Anyone who knows me knows I love a good house party. Anyone who knows me also knows that if they invite me over for any reason at all I’ll do everything in my power to be there. My love of house parties stems from my childhood. I lived for the sleepovers and birthdays at friend’s houses. I loved seeing how other people lived, watching their mother’s arrange food and set up games.
In high school my best friend and I prided ourselves on the parties we threw whenever he dad was out of town. I remember all the effort it took to calculate how much meat we needed for the grill, how many limes for chasers, and the time we put into creating and printing flyers – which I regret is something teenagers today will sadly never have the chance to perfect.
When college rolled around I looked forward to weekends that revolved around more spontaneous gatherings. To help shed the stress of a school work week and unwind with heated political / sociological debates while splayed out on bean bags in bad lit (usually badly carpeted) apartments eating low quality cheese dips with cheap beer. There was no pressure back then. No pomp, no planning, no Pintrest. Nobody was trying to impress anybody else with their craft beer or exotic foods. We were just a bunch of young, broke, happy to hang college kids looking for any excuse to infiltrate a friend’s house and hopefully pass out without a hangover on their pull-out Ikea Sofa bed afterwards.
As far as party expectations go not much has changed in my regard. I’m still easily entertained and still prefer the humble intimacy of a house party over any other type of event. In spite of all the fancy dinners, brunches, exhibits and pop ups I am regularly invited to (and sometimes attend) none of it compares to being invited into someone’s house. Because nothing makes me happier than an evening spent in a warm living room crammed full of half drunk people I really enjoy.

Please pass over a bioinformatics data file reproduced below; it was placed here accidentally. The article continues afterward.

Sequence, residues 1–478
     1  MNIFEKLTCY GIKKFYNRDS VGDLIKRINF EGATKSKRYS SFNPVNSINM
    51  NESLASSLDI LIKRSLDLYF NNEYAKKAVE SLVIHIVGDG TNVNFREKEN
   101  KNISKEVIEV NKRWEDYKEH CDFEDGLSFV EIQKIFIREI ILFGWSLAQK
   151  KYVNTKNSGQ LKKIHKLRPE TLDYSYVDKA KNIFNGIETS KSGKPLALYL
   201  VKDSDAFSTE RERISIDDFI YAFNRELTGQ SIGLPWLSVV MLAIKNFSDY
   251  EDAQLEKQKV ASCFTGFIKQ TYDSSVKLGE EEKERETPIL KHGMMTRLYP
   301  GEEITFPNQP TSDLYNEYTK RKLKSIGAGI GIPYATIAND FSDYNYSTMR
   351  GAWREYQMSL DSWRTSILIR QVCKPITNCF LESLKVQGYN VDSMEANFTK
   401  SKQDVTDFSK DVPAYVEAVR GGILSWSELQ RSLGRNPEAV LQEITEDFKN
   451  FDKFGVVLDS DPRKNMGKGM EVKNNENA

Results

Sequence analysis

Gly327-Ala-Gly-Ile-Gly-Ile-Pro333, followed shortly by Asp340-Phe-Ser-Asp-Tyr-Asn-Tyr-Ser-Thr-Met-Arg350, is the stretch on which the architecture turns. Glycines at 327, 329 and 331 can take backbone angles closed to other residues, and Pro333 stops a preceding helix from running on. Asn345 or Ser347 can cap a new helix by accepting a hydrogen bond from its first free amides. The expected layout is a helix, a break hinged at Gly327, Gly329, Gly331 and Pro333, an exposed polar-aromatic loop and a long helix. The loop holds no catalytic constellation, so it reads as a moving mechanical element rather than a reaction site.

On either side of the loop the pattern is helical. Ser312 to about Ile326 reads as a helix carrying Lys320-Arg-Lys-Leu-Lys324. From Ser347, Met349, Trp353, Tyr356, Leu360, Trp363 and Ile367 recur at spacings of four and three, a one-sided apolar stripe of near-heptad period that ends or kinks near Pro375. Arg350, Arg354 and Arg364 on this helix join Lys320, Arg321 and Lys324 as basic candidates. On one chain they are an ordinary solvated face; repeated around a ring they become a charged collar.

This has always been the case. Mike and I use to host parties regularly back at our first house when were one of the first to own a home in our circle of friends. Our tiny Spanish bungalow became the center hub for weekend entertainment. Complete with a red kitchen, framed black and white photos of old blue’s men on the walls, a handmade adobe fireplace outback and outdoor bar equipped with a working kegerator always in need of refilling. I can recall many late night dance parties, and local bands set up there in the backyard. Graduation, birthday, Christmas parties. And a few notable fist fights and breakups too. It was our 20s. Life was full of it all.
Even after kids though when everyone was doing their best to construct some kind of streamlined adult version of themselves our second home was alive with late nights and regular celebration. We remained a steady host to weekend BBQs, potlucks, cocktail parties. Where kids were always welcome. Where everyone was always welcome. The “more the merrier” mantra is one the Kraus houses should probably have emblazoned on their door frames. In the kind of mindset that was later applauded as the ‘laid back European approach’ after that french parenting book came out and told people it was ok to let their kids stay up past bed times sometimes, or be pushed out of late night living rooms to more or less allow adults to have fun and not worry their children might be permanently scared by an occasionally busted bedtime routine.
Apparently the french tend to adjust their children to their lifestyle and not vice versa. Which seems to be groundbreaking insight for Americans and the reason my friend called one evening to proudly inform me “You were a french woman all along!” after reading the book and seeing basically the core of my parenting style cutely secured in a best selling book.
The slow decline of house parties is something I noticed a few years ago that was later validated when I came across the The New York Times article called The Death of the Party. It looked into the reasons behind the decline. Some of which were obvious. As David Foster Wallace grimly predicted in 1997 “It’s gonna get easier and easier, and more and more convenient, and more and more pleasurable, to be alone with images on a screen.” And boy was he right. The main detraction being the ease and comfort of the iphone / netflix era lure. Who really wants to peel themselves off their sofa after a long day to get dressed, put on makeup, throw together a side dish and possibly face traffic on a Saturday night when you can just relax in the quiet comfort of your own home under the blue glow of your TV or smartphone when you can watch other people all over the world on a tiny screen having a good time and not have to move a muscle of your own attempting to do the same?